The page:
Ratings For Pedro Pascal’s New Series Plummets, Review-Bombed Due to Same-Sex Scenes

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Pedro Pascal as Din Djarin without his helmet on

Credit: Lucasfilm

Pedro Pascal’s new series has been savagely review-bombed after a same-sex couple-centric episode debuted last week.

Pedro Pascal on the red carpet
Credit: ABC

Pedro Pascal hit the mainstream as Oberyn Martell in HBO’s Game of Thrones. The Chilean-American actor then went on to star as Javier Peña in Netflix’s Narcos before becoming part of Lucasfilm’s galaxy far, far away as the titular bounty hunter in Jon Favreau’s The Mandalorian on Disney+.

The Mandalorian is soon to start its third season on The Walt Disney Company’s streaming service and Pascal will reprise his role as Din Djarin alongside the pop culture phenomenon Grogu AKA “Baby Yoda”.

Din Djarin (Pedro Pascal) allowing Grogu to touch his face
Credit: Lucasfilm

Related: Marvel Star, ‘The Last of Us’ Actress Passes Away

But before the beloved Star Wars series commences on March 1, the hugely popular actor — the internet’s “Daddy” — can be found tackling hordes of infected on HBO’s latest hit drama series, The Last of Us from Craig Mazin and Neil Druckmann. Pascal co-leads the television show as Joel while Bella Ramsey plays Ellie; The Last of Us is based on Naughty Dog’s acclaimed PlayStation video game of the same name.

With just three episodes in the bag, The Last of Us has quickly climbed the rankings of the most-acclaimed and highest-praised TV shows, and an increasing viewership has caused Warner Bros. Television to greenlight a second season.

The Last of Us game by Naughty Dog poster
Credit: Naughty Dog

While the premiere and the second episode stayed close to the source material, in all of its brutal, tragic, and action-packed glory, the third episode — “Long, Long Time” — slowed the series down to paint a domestic picture of love, hope, and survival.

“Long, Long Time” explored the self-inflicted exile of Bill (Nick Offerman) and his subsequent relationship with Frank (Murray Bartlett) in Lincoln, Massachusetts. Significantly expanding on the storyline from the videogame, Craig Mazin’s script and Pete Hoar’s direction drew critical acclaim as it depicted the struggles of survival and how love will persist even in the darkest of times. However, it would seem that not everyone appreciated the change of pace and the characters that this third episode focused on.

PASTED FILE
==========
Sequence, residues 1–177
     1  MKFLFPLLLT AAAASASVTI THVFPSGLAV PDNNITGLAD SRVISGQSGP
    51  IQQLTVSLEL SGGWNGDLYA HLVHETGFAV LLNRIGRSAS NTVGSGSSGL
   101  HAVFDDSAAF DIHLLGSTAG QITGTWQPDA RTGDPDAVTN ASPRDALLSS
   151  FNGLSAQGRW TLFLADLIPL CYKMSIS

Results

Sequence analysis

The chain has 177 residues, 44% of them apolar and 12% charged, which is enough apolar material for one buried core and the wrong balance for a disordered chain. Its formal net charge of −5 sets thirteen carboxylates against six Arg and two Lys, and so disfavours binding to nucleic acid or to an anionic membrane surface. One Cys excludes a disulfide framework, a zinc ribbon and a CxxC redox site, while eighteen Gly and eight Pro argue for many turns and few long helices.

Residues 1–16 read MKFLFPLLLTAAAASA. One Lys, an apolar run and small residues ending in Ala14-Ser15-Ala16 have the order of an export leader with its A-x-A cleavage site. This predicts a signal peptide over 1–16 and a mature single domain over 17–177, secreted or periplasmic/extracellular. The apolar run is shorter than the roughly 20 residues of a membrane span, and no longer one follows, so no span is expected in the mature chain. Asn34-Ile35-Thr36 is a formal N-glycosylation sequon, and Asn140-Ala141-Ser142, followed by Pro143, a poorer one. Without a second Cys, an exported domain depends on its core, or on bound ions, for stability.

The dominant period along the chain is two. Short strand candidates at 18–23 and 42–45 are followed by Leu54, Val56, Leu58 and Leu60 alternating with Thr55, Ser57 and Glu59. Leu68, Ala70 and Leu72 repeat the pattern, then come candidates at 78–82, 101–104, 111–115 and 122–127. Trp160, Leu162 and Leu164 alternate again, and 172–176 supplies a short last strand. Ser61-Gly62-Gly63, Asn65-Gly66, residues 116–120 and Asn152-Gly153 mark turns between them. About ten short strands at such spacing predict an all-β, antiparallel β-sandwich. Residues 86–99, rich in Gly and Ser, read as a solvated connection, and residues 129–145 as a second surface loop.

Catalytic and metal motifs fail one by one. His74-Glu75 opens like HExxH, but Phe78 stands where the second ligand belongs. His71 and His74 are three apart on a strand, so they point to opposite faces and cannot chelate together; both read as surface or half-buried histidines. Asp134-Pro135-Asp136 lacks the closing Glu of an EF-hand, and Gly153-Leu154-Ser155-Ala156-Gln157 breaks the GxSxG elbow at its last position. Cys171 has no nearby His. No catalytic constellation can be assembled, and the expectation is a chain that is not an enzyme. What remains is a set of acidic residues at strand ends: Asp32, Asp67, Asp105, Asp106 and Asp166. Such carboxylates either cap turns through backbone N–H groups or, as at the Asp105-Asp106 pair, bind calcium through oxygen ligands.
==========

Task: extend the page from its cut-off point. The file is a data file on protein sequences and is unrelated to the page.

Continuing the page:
Ellie (Bella Ramsey) and Joel (Pedro Pascal) looking at a plane crash in 'The Last of Us'
Credit: HBO

Bill and Frank’s relationship has caused a ruckus amongst some viewers with the episode — despite being described as the season’s best so far by TV critics — has pulled the lowest rating of the show on IMDb; “Long, Long Time” currently holds a 7.9/10 while the previous two episodes, “When You’re Lost in the Darkness”, and “Infected”, each hold a 9.2/10.

The thousands of 1-star reviews have caused the overall rating to slide, and while some will argue the show has not been review-bombed, the figures speak otherwise. Each with an incredibly high 9.2/10, the first two episodes hold circa 76,000 and 69,000 total reviews — “Long, Long Time” has 158,000, more than both put together.

Frank (Murray Bartlett) and Bill (Nick Offerman) in 'The Last of Us'
Credit: HBO

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The inclusion of a deep LGBTQIAP+ romance in a show such as this has been seen as an attempt to get political, according to some reviewers, while others have declared the episode as a filler and too much of a departure from the videogame. Dear Reader, let’s not forget that an adaptation can — and, arguably, should — move away from its source material. Bill was homosexual in PlayStation’s “The Last of Us”, but the story played out much differently.

Same-sex representation is much-needed in media, especially in blockbuster TV series such as The Last of Us. The creative team’s decision to situate the audience in one town, with one person that became a couple, in a show about a globally-devasting pandemic is bold and important (and is probably why, along with Offerman and Bartlett’s performance, the episode has received such high praise).

Joel (Pedro Pascal) and Ellie (Bella Ramsey) in 'The Last of Us'
Credit: HBO

The Last of Us airs on Sunday nights on HBO in the United States and runs for nine episodes. In addition to Pascal and Ramsey, the HBO series also stars Anna Torv as Tess, Gabriel Luna as Tommy, Melanie Lynskey as Kathleen, and Storm Reid as Riley Abel.

Star Pedro Pascal recently broke the internet after appearing in a gritty Mario Kart skit on Saturday Night Live where the actor played the famous Italian plumber, Mario.

What are your thoughts on the review bombs for The Last of Us? Let us know in the comments down below!

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